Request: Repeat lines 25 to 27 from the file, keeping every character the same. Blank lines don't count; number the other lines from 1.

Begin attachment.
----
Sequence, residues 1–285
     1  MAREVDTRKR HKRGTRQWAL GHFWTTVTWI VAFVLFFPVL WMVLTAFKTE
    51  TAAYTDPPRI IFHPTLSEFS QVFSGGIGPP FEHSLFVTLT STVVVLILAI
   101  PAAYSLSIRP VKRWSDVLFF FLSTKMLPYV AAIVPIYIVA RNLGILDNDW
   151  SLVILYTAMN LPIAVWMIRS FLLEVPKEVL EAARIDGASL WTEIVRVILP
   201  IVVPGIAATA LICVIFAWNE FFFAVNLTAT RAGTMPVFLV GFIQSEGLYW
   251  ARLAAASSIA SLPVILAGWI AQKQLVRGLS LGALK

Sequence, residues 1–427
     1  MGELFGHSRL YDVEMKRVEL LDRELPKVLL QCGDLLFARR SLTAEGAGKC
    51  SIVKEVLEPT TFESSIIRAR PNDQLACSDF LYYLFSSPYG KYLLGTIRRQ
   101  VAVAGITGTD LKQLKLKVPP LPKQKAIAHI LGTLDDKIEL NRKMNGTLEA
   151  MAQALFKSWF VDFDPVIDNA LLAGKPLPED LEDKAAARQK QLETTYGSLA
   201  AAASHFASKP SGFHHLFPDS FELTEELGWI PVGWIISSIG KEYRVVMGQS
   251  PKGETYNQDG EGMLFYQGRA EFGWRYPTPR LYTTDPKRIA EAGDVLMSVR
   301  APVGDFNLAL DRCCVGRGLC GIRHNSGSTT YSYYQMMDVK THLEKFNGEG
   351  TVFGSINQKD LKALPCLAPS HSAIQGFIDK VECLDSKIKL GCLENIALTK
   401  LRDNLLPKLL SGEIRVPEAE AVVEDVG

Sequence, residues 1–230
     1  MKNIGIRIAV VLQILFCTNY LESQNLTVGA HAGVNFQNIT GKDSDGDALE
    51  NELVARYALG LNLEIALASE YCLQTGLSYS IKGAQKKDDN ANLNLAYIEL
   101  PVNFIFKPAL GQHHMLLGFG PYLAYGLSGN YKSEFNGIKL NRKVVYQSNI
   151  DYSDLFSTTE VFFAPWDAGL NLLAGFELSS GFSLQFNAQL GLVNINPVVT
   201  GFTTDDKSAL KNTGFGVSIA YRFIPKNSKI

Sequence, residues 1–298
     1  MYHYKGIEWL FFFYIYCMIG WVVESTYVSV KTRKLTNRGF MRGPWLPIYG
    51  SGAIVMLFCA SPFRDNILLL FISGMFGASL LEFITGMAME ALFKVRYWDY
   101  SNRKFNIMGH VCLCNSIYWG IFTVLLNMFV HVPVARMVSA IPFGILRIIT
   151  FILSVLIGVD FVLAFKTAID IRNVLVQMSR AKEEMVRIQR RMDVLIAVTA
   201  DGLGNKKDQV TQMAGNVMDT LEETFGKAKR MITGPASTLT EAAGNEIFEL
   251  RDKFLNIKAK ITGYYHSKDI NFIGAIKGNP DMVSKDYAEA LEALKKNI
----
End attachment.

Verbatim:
     1  MYHYKGIEWL FFFYIYCMIG WVVESTYVSV KTRKLTNRGF MRGPWLPIYG
    51  SGAIVMLFCA SPFRDNILLL FISGMFGASL LEFITGMAME ALFKVRYWDY
   101  SNRKFNIMGH VCLCNSIYWG IFTVLLNMFV HVPVARMVSA IPFGILRIIT